Onus on courts to protect women's rights _ Judge Dingake

Staff Writer
A Gaborone High Court judge Key Dingake says courts have a sacred duty to safeguard the rights of all Batswana women as envisioned by the framers of the Constitution.

Justice Dingake said this when handing down judgement in a case in which four Bangwaketse women were challenging the legality of a customary law that prevents female siblings from inheriting family homes."A large number of people may not be conscious of their rights. Those who are conscious may lack resources to litigate. If it so happens that they are fortune enough to approach the court and their complaint has merit, then it is the sacred duty of the courts to protect their rights," said Dingake.

The four women, Edith Mmusi, Bakhani Moima, Jane Lekoko and Mercy Ntshekisang had brought the case in 2007 against their male sibling Molefhi Ramantle. The Customary Court of Appeal and government supported this law.In the recent application in which Dingake ruled in their favour, Ramantle was cited as the First Respondent while the Customary Court of Appeal (represented by the Attorney General) (AG) was the Second Respondent.

On an argument raised by AG Attaliah Molokomme that 91 percent of Batswana being descendents of Tswana and Kalanga speaking tribes that practise Tswana and Kalanga culture, it would be absurd to expect ours to shy away from recognising such practices, Dingake found the argument  unjustifiable. "It seems to me that the reason proffered by the AG cannot be a valid reason to discriminate against the applicants. In my mind, there is no legitimate government purposes to be served by the discriminatory rule; and the fact of the matter is that the rule sought to be impugned is not only irrational but amounts to an unjustifiable assault on the dignity of the applicants and or women generally," the judge said.

Molokomme further stated that Botswana society was not ready for equality, even though the customary rule is discriminatory. The AG also argued that the rule should remain.However, Dingake said it is time for Botswana judges to assume the role of the "judicial midwives" to assist in the birth of a new world struggling to be born - a world of equality between men and women as envisioned by the Botswana Constitution.

"There is an urgent need for Parliament to abolish laws that are inconsistent with Section (3) so that the right to equality ceases to be an illusion but where Parliament is slow to effect the Constitution would not hesitate to perform its constitutional duty," he said.

"In all the circumstances of this case, it seems plain to me that the Ngwaketse Customary Law rule sought to be impugned is unjustifiably discriminatory."On whether extending the

rights of equality or equal protection of the law to the four women prejudices anybody the judge said he did not think so.

"It boggles my mind how the creation of an equal society (in terms of rights) can be prejudicial to anybody or to be contrary to public interest. It would be tragic to interpret the Constitution in a way as to take away or reduce rights of other human beings solely on the grounds of sex," said Dingake.

"This court believes that it is its function to treat the Constitution as a living organism and to constantly sharpen it to address contemporary challenges," said Dingake.He is of the view that it is the function of judges to keep the law alive and to make it progressive without being inhibited by those aspects of culture that are no longer relevant, to find every conceivable way of avoiding narrowness that would spell injustice.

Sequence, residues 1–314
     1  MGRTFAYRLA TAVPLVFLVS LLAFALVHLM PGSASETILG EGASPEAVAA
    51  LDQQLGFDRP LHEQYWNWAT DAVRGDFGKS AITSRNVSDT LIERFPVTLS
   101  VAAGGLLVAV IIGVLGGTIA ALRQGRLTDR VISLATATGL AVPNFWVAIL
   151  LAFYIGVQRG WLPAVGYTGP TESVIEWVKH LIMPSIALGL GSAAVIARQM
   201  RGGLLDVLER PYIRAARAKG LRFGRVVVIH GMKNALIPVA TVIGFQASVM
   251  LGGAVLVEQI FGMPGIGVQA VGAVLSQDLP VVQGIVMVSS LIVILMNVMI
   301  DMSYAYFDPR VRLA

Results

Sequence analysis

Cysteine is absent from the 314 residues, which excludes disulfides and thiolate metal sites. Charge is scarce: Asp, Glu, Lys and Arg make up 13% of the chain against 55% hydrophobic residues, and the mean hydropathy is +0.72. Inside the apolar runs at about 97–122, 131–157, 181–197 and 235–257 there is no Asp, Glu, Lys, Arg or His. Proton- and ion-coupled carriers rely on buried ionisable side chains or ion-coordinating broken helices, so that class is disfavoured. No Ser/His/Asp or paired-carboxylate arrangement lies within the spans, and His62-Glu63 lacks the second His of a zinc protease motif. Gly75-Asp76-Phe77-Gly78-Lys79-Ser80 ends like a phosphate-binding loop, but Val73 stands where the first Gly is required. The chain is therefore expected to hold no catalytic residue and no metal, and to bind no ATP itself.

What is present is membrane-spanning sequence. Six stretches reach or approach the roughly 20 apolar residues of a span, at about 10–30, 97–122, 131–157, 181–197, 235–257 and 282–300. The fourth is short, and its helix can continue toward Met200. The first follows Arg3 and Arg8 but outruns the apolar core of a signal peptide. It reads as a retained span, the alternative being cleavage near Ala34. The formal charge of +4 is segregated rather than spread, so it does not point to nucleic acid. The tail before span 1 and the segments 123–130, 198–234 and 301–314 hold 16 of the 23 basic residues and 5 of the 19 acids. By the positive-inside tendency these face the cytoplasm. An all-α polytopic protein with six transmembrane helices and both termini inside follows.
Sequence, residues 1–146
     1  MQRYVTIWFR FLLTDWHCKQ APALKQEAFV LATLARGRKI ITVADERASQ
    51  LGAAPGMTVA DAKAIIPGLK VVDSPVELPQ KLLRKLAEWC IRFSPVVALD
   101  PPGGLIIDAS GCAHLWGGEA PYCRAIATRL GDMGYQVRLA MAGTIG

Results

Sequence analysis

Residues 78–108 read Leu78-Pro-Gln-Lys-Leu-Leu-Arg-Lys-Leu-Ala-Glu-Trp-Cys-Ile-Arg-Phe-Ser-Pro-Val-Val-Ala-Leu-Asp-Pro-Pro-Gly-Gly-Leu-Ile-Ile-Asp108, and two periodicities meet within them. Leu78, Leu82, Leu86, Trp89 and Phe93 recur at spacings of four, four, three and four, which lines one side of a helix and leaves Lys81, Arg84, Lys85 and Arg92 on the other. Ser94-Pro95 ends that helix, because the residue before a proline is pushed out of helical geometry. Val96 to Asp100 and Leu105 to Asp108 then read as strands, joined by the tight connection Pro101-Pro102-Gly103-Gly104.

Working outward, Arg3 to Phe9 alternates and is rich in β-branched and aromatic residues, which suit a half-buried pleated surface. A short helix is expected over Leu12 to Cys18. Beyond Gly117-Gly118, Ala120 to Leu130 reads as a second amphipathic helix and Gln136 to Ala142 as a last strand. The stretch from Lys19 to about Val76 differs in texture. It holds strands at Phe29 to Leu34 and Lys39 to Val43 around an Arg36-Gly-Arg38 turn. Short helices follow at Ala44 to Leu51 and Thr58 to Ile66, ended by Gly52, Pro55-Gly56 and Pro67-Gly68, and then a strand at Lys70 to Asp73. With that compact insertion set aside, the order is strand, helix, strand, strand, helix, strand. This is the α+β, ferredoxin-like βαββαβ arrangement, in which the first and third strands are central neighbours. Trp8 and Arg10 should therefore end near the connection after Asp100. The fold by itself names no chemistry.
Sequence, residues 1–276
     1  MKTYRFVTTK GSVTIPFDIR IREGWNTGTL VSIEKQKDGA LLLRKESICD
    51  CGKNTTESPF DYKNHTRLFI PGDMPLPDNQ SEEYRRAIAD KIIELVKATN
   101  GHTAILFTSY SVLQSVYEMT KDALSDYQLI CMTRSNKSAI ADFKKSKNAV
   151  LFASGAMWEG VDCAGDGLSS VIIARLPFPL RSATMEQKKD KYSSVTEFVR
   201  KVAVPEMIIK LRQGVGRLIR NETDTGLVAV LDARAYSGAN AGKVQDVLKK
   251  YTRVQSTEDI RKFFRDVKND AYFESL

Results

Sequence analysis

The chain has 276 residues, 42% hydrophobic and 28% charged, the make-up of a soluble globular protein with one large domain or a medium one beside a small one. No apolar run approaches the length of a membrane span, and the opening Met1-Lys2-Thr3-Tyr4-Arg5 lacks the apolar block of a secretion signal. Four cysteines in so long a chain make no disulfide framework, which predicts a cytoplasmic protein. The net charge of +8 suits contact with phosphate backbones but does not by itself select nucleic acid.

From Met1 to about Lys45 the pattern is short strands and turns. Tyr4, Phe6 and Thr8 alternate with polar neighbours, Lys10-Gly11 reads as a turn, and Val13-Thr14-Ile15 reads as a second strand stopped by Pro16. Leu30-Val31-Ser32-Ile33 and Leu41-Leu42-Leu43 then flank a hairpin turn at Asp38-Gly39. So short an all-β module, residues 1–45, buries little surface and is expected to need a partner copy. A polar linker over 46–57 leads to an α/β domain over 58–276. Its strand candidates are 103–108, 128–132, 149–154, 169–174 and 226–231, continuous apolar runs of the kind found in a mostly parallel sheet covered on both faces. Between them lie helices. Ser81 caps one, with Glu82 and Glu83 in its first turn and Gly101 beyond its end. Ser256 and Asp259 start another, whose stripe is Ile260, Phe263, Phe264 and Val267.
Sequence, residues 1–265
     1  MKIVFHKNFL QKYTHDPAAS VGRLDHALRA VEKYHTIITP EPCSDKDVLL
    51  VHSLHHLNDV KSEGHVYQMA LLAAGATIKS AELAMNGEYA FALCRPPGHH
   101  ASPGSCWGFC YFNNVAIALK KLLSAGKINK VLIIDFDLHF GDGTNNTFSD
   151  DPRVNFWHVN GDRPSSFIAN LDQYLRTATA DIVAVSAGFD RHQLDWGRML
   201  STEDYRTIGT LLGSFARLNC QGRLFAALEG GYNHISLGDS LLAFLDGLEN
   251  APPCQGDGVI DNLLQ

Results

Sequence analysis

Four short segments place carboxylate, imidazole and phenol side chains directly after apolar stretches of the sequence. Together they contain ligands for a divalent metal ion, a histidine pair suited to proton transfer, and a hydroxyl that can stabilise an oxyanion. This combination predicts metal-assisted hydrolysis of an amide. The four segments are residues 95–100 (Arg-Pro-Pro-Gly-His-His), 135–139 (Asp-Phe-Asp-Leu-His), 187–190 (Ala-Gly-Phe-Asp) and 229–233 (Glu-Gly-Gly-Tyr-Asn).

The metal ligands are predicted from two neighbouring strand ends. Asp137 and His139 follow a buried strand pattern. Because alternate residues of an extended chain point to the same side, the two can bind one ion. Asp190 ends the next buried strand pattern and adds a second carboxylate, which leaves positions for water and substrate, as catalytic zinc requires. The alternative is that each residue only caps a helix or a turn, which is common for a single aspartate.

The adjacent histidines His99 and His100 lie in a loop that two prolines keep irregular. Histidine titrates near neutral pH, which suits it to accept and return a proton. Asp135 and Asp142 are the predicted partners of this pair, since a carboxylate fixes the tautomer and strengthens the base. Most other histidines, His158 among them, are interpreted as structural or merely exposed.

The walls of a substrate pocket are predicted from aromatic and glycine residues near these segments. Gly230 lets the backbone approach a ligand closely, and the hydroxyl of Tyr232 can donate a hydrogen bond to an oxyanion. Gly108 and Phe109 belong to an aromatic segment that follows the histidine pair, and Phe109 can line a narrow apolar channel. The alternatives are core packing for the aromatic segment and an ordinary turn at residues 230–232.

"The right to culture although not finding expression in our constitution is an inalienable right of every person. He said where a court concludes that Batswana culture conflicts with the supreme law of the land, it must not to so pronounce," said Dingake.

He added that it would be offensive, in the extreme to find in this modern era, that such a law has a place in the country's legal system, having regard to the impressive that constitutional provisions should be interpreted generously, to serve not only this generation, but generations yet to be born, particularly recalling that the Constitution should not be interpreted in a manner that would render it a museum piece.

Commenting on the judgement, Ditswanelo the Botswana Centre for Human `Rights' publicity officer Thuso Geleitsiwe said the ruling was timely as Botswana will be appearing before the Human Rights Council in February 2013 for its second cycle of the Universal Periodic Review (UPR).

"In the first UPR review in 2008, the Human Rights Council (through Canada) had recommended that 'Botswana increase efforts to raise awareness of the precedence of constitutional law over customary laws and practices to promote gender equality'. Botswana's response was that  'Botswana does not accept the recommendation.

Customary law is not in conflict with Constitutional law'. The Human Rights Council (through Mexico) had recommended that Botswana 'adopt measures necessary for harmonising customary laws with international instruments'.  Botswana had replied that it 'does not consider its customary law to be in conflict with international instruments, and therefore does not accept the recommendation," said Galetiswe.
(Sila Press Agency)



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